An impossibly intense week of threats, speeches, negotiations and planning culminated today in an announcement by Secretary of State John Kerry that the U.S. and Russia have reached an agreement calling for Syria’s arsenal of chemical weapons to be removed or destroyed by the middle of 2014.
The agreement, which officials called a “framework,” requires Syria to allow international inspectors into the country by November and to provide a “comprehensive listing” of its chemical stockpile in the next week.
Kerry made the announcement at a news conference in Geneva with Russian Foreign Minister Sergey V. Lavrov.
“The real final responsibility here is Syrian,” a senior administration official said of the deal.
Perhaps the most difficult part for the weapons inspectors in Syria will be inspecting, removing and destroying a large arsenal of chemical weapons in the midst of a deadly civil war, which has killed more than 100,000 people, according to U.N. estimates.
Lavrov said the agreement would require the cooperation of Syrian rebels, not just the government of President Bashar al-Assad.
The Syrian opposition is not pleased that President Obama set aside the threat of military action, at least for now, and to negotiate with Russia, a major arms supplier to the Assad government.
“This is very, very difficult, very, very difficult,” an American official said of the agreement. “But it is doable.”
“If fully implemented, this framework can provide greater protection and security to the world,” Kerry said in Geneva.
The United Nations Security Council would step in if Assad didn’t comply with the agreement. Kerry said Chapter 7 of the United Nations Charter authorizes punitive action, but Lavrov pointed out that Russia, which wields a veto in the Security Council, had not withdrawn its objections to the use of force.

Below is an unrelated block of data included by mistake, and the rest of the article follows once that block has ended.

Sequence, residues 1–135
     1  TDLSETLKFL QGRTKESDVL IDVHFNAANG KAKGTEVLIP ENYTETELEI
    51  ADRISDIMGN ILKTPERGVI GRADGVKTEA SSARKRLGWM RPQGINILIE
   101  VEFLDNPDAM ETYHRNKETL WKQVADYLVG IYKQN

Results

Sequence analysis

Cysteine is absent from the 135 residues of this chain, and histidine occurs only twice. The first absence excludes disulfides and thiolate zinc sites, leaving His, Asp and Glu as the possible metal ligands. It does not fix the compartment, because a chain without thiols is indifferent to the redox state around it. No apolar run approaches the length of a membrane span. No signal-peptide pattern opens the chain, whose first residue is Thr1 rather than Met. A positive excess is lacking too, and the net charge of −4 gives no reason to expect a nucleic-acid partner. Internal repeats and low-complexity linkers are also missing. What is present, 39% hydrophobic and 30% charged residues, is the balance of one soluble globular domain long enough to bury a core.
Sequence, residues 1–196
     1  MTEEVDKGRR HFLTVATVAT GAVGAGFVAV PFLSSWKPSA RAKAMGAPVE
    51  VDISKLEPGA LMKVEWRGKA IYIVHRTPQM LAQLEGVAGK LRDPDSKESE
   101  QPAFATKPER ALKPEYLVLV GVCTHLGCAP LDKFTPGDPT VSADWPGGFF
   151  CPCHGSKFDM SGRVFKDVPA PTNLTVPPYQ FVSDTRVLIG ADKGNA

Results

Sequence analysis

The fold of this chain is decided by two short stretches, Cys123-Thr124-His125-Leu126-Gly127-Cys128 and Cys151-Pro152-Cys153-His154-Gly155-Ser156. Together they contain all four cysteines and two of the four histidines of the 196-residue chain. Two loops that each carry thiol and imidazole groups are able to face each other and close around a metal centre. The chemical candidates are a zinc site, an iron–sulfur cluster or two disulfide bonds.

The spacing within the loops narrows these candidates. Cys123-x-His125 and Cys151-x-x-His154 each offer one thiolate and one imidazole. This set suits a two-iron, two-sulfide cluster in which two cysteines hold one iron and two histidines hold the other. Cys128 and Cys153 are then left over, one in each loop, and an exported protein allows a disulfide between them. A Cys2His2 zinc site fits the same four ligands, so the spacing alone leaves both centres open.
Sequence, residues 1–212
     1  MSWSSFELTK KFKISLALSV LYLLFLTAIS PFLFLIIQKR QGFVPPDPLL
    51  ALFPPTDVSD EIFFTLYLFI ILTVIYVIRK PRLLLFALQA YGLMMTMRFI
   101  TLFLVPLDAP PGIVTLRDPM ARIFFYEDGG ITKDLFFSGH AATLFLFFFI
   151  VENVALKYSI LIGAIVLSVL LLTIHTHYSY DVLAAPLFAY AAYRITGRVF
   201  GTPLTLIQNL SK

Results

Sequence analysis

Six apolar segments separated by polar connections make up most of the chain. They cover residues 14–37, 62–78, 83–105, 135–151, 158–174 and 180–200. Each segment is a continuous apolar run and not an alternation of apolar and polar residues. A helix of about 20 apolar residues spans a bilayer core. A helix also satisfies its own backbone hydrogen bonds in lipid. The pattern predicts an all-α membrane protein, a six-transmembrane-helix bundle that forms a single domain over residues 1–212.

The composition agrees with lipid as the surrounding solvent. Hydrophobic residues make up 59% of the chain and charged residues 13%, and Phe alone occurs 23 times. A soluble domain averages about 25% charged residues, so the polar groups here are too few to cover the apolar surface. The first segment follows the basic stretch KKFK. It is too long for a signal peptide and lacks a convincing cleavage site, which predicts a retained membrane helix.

But with the joint announcement, the intense discussions over America’s involvement in Syria, which have preoccupied the public and national media over the past week, took a head-spinning turn.
Though many commentators have called Obama’s handling of the entire matter bumbling and will want to assign the latest developments to luck, the White House can take an immense sigh of relief that Russia’s involvement has allowed the U.S. to shelve talks of a military strike and probably save many lives.
As arms control officials for both countries worked into the night, observers with some years in the international arena likened it to treaty negotiations between the U.S. and the former Soviet Union during the Cold War.
Called “Framework For Elimination of Syrian Chemical Weapons,” the agreement is just four pages long and outlines procedures for “expeditious destruction of the Syrian chemical weapons program and stringent verification.”
Russia and the U.S. have agreed that the Syrian government possesses 1,000 tons of chemical agents and precursors. The U.S. believes the material is located in 45 sites, all in regime hands, half of which have useable quantities of chemical agents, according to a U.S. official. But it is believed that Russia has not agreed on the number of sites, nor that they are all under control.
These are the six points to the agreement:
- The amount and type of chemical weapons must be agreed and “rapidly” placed under international control.
- Syria must submit a comprehensive listing of its stockpiles within one week.
- Extraordinary procedures under the Chemical Weapons Convention will allow “expeditious destruction.”
- Syria must give inspectors “immediate, unfettered access” to all sites.
- All chemical weapons must be destroyed, including the possibility of removing weapons from Syrian territory.
- The U.N. will provide logistical support, and compliance would be enforced under Chapter VII.
French Foreign Minister Laurent Fabius said it was an “important advance.” France was the only country that agreed to join the U.S. in taking military action in Syria.
U.N. Secretary-General Ban Ki-moon pledged “the support of the United Nations in its implementation.”
But the Syrian opposition was not so pleased, with leader of the anti-Assad Free Syrian Army rejecting the deal and promising to continue fighting.
“There is nothing in this agreement that concerns us,” said Gen. Salim Idriss, who called it a Russian initiative designed to gain time for the Syrian government.